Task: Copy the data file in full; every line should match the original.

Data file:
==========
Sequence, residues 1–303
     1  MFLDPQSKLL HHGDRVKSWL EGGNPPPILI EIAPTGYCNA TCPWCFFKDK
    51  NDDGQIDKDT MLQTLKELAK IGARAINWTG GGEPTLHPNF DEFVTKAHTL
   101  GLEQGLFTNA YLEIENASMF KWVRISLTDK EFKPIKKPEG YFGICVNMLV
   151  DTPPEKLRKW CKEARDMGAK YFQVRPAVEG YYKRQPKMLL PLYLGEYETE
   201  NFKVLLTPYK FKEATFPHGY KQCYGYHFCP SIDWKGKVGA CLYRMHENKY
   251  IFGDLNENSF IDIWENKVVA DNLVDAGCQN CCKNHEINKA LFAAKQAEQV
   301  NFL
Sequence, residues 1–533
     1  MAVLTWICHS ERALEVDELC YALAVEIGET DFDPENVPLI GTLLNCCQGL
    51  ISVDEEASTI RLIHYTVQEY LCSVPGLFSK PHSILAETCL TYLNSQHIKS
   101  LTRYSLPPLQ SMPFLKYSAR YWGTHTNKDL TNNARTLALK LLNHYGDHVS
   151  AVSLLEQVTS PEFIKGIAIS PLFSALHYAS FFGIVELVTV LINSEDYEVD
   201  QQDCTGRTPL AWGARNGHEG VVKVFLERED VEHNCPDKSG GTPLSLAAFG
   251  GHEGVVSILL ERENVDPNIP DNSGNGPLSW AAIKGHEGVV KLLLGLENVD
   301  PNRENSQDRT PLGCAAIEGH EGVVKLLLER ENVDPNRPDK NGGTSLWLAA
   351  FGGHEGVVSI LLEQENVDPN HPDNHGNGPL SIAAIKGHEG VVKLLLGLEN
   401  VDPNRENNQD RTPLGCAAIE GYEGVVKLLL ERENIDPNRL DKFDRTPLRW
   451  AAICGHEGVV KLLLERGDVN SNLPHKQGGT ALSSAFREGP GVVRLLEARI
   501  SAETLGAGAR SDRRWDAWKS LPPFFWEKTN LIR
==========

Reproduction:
Sequence, residues 1–303
     1  MFLDPQSKLL HHGDRVKSWL EGGNPPPILI EIAPTGYCNA TCPWCFFKDK
    51  NDDGQIDKDT MLQTLKELAK IGARAINWTG GGEPTLHPNF DEFVTKAHTL
   101  GLEQGLFTNA YLEIENASMF KWVRISLTDK EFKPIKKPEG YFGICVNMLV
   151  DTPPEKLRKW CKEARDMGAK YFQVRPAVEG YYKRQPKMLL PLYLGEYETE
   201  NFKVLLTPYK FKEATFPHGY KQCYGYHFCP SIDWKGKVGA CLYRMHENKY
   251  IFGDLNENSF IDIWENKVVA DNLVDAGCQN CCKNHEINKA LFAAKQAEQV
   301  NFL
Sequence, residues 1–533
     1  MAVLTWICHS ERALEVDELC YALAVEIGET DFDPENVPLI GTLLNCCQGL
    51  ISVDEEASTI RLIHYTVQEY LCSVPGLFSK PHSILAETCL TYLNSQHIKS
   101  LTRYSLPPLQ SMPFLKYSAR YWGTHTNKDL TNNARTLALK LLNHYGDHVS
   151  AVSLLEQVTS PEFIKGIAIS PLFSALHYAS FFGIVELVTV LINSEDYEVD
   201  QQDCTGRTPL AWGARNGHEG VVKVFLERED VEHNCPDKSG GTPLSLAAFG
   251  GHEGVVSILL ERENVDPNIP DNSGNGPLSW AAIKGHEGVV KLLLGLENVD
   301  PNRENSQDRT PLGCAAIEGH EGVVKLLLER ENVDPNRPDK NGGTSLWLAA
   351  FGGHEGVVSI LLEQENVDPN HPDNHGNGPL SIAAIKGHEG VVKLLLGLEN
   401  VDPNRENNQD RTPLGCAAIE GYEGVVKLLL ERENIDPNRL DKFDRTPLRW
   451  AAICGHEGVV KLLLERGDVN SNLPHKQGGT ALSSAFREGP GVVRLLEARI
   501  SAETLGAGAR SDRRWDAWKS LPPFFWEKTN LIR